There is a TV show in the UK called The Big Questions. The other week the show asked the question ‘Do people need the idea of Heaven?’ Hungover, I watched the superficial commentary the participants had while trying desperately not to offend anyone; I wrote notes into my phone. I have been busy since then. But I am now going to try and answer it between bouts of gardening (I do not like gardening).
I shall start with advice: try to find assumptions made in questions. On the face of it, there must be some obvious reason we might need the idea of Heaven, else no one would have asked it. Based on the show I watched I am going to make what I think is a pretty reasonable guess at the reasons it seems obvious we might need Heaven: purpose and morality. It is easy to say that you are following God’s will, or following the unknowable* but transcendent rules He’s imbued reality with, but every religion has set up the ‘carrot and stick’ narrative of reward and punishment. Even if God is grounding for morality and purpose, why do you value it over a wellbeing based morality or purpose set up around the needs of society? Assuming that morality and purpose are tied up with each other in the religious narrative (which seems inescapable), do we really need Heaven to value that?
*if you think the rules are knowable then you have to explain how so many people from within the same religion can get so many answers. One set of rules may be crystal clear to you from your reading of a Book or your “relationship” with God, but another person interprets different rules with the same clarity and with the same method.
I’ll start with what Heaven is, and I’m doing to define it in the vaguer sense to include as many religions as I can. Heaven is an immaterial place where a transcendent form of you will go to reward you for having lived a good life. The place will be blissful and tranquil and perfect. No suffering can happen here. I believe that incorporates Heaven and Paradise and Nirvana (if not, forgive me and educate me).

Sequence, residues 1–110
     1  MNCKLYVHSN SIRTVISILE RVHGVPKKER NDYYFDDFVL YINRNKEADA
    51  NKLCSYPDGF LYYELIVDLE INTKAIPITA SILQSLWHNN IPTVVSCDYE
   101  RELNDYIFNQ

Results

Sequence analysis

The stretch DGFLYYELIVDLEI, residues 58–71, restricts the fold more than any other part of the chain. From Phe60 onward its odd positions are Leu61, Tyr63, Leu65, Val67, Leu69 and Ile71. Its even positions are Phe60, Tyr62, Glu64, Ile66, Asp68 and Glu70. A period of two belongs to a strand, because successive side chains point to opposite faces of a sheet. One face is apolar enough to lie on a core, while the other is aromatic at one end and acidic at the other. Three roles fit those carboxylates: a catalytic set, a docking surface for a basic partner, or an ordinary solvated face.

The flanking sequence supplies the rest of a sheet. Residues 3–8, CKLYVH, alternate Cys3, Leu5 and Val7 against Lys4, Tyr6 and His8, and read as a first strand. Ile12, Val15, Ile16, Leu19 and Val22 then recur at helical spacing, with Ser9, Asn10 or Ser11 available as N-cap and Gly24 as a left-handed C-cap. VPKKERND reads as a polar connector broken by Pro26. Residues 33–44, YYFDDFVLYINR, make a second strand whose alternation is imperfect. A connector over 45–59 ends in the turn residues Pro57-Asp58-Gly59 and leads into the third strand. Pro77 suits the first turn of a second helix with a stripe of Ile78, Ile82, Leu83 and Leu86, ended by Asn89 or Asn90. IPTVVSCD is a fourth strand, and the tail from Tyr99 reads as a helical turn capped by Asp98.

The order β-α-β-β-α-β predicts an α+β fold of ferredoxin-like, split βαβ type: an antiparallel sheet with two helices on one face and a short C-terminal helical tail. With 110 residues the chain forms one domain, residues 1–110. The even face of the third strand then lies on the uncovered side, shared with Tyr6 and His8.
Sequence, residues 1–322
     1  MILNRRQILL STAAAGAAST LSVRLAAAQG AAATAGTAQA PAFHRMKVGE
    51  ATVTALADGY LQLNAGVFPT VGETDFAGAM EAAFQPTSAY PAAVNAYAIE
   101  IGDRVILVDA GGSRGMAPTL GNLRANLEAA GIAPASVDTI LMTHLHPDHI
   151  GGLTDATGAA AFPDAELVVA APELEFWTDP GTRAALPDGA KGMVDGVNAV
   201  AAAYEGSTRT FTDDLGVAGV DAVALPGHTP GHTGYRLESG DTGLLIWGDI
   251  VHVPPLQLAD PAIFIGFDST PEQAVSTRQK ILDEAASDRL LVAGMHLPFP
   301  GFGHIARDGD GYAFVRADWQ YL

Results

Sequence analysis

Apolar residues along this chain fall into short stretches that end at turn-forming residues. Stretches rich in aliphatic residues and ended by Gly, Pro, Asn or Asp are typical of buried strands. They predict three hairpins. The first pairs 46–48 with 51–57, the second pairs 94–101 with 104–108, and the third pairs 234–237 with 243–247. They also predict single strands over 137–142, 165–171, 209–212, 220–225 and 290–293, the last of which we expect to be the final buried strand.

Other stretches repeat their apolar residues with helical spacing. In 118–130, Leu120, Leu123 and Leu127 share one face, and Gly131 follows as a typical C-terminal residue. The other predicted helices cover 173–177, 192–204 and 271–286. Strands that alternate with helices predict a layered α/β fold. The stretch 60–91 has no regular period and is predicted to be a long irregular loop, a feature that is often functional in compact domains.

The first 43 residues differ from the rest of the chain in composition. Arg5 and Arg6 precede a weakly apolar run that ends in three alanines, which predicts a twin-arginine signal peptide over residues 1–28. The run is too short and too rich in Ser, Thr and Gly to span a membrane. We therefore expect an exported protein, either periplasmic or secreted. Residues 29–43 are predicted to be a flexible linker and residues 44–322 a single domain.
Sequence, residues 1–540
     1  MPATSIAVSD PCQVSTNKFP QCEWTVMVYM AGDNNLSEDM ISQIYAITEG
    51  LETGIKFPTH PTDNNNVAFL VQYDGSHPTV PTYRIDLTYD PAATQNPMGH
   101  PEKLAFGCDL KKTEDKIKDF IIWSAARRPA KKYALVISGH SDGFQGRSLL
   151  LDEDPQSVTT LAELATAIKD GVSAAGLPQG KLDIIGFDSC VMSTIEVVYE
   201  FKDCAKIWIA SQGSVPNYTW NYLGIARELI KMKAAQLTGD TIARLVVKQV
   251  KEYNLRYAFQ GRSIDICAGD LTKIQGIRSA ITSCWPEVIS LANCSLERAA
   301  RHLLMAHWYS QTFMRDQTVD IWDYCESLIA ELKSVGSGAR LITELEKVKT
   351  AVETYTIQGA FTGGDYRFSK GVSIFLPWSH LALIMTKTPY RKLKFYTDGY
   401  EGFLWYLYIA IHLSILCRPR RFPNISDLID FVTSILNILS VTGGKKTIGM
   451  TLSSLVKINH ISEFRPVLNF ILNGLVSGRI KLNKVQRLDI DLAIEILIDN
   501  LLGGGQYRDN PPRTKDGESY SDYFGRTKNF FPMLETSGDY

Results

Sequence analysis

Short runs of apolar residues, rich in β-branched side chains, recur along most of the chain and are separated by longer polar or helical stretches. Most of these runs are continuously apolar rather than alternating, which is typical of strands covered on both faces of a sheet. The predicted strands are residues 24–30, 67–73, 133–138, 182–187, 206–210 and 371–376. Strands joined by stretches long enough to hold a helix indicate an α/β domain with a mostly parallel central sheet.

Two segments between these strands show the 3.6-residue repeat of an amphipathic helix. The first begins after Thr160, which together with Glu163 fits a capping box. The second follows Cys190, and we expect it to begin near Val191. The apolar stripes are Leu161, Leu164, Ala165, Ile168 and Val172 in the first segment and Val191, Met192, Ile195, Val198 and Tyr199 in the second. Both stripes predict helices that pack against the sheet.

Originally I wanted to hedge my bets and say ‘maybe some of us need this to be good, but most of us do not’. But that felt patronising, and I don’t believe it. I don’t think any of us need it, and I don’t think it convinces anyone that wants to do harm. And if you are wondering what your purpose is; why you exist, I don’t think the promise of living forever will be comforting or answer the question. The suggestion that a religious person could not reason to themselves the wonder and joy of simply being alive, or the need to do good without Divine authorship should be offensive to the very humanity of all of us.
As opposed to being a bad reason, the promise of Heaven is damaging. We relinquish the urgency of justice to the promise that justice will be served out over eternity. No matter what true justice is, we do not need to seek it because we will be dead pretty soon and justice will be dealt with in a top-down fashion by God. So don’t you worry about it.
(As an aside, there is an odd narrative in a lot of religions that calls of the living to take justice into their own hands—stone the blasphemers and adulterers, kill homosexuals and uppity children etc—despite the idea that all transgressions will be exacted in the afterlife. Which is it?)
However, we cannot untie Heaven from the rules that govern it. And that is my last criticism of the idea that we need Heaven. It is hurtful to human progress to make promises about following top-down moral rules. Encouraging humanity to follow arbitrary rules makes us end our own critical thinking. Worse than that, it allows our minds to be infested with arbitrary and non-moral ideas: you must wear a burka**, you cannot read fictions like Harry Potter for they contain witches, keep the Sabbath a Holy day of rest, do not mark your skin with ink, do not express your sexuality outside of marriage and never if you are gay. The moment we accept that rules of entry to Heaven are our purpose is the moment we surrender our right to critically evaluate these rules and with it we hand over our humanity.
** “you must wear a burka” is oppressive, subjugating, creates power inequalities on gender lines and is very different from “a burka is a symbol of being worth more than your appearance and way of being liberated from the leers of other people; you are free to wear it or not”.